Elizabeth Barrett Browning

Longman, 2003 - 254 Seiten

This new study of Elizabeth Barrett Browning vigorously challenges the dominant cultural myths of the poet as a solitary recluse, self-exiled from the world of politics, by arguing that she was one of the most astute and politically-informed critics of the social and political events of her time.

Simon Avery and Rebecca Stott offer readings of a wide range of Barrett Browning s writings, from her earliest works to her last poems. Through their examination of her poetry about the position of women, slavery, industrialism, nationalism in Greece and Italy, and the interrelations between art and politics, Barrett Browning emerges not only as a poet of significant rhetorical power, but also as an audacious innovator of poetic form and a woman who was preoccupied throughout her life by the relationship between familial and political power.

This innovative, accessible study provides an important and refreshing introduction to this highly-regarded poet who constantly questioned accepted thinking and who was never afraid to court controversy. It resituates Barrett Browning s poetry at the heart of the central social, political and intellectual debates of her time.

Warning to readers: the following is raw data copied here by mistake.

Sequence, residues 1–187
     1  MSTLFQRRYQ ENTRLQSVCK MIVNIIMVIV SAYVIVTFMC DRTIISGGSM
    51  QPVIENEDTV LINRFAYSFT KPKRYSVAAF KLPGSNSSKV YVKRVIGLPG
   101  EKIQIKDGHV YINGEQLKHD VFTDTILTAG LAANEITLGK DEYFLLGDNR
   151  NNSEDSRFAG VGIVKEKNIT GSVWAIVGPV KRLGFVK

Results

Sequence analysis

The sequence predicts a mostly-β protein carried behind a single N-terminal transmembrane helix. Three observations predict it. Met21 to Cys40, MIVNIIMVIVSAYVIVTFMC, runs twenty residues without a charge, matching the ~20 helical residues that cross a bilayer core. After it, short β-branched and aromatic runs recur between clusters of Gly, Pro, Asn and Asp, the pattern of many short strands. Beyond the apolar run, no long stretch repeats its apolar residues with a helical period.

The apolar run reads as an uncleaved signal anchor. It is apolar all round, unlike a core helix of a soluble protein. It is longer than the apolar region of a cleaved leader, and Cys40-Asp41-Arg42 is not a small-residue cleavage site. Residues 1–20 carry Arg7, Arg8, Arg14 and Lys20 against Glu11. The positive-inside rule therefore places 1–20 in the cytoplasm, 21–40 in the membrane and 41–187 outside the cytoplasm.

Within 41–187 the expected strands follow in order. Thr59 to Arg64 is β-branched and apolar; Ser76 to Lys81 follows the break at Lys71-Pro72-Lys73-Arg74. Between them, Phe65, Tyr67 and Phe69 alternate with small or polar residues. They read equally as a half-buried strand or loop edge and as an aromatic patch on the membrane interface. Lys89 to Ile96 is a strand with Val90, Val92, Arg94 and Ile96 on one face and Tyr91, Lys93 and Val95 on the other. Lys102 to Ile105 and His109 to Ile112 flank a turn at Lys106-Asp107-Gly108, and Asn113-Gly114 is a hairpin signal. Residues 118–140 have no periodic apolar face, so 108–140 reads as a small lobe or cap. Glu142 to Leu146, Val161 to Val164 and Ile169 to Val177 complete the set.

Dr Rebecca Stott is Reader in Literature and History in the English Department at APU in Cambridge. She is the author of "The Fabrication of the Late-Victorian Femme Fatale "(Palgrave Macmillan, 1996), and the editor of "Tennyson" (Longman, 1996).

Simon Avery is a Lecturer in English in the Department of Humanities at the University of Hertfordshire. He has published work on Barrett Browning, the Brontes, Christina Rossetti, Eleanor Marx, and Mary Coleridge.

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Über den Autor (2003)

Simon Avery works in the Department of Humanities, at the University of Hertfordshire.

Rebecca Stott works in the Department of English, at the Anglia Polytechnic University, Cambridge.

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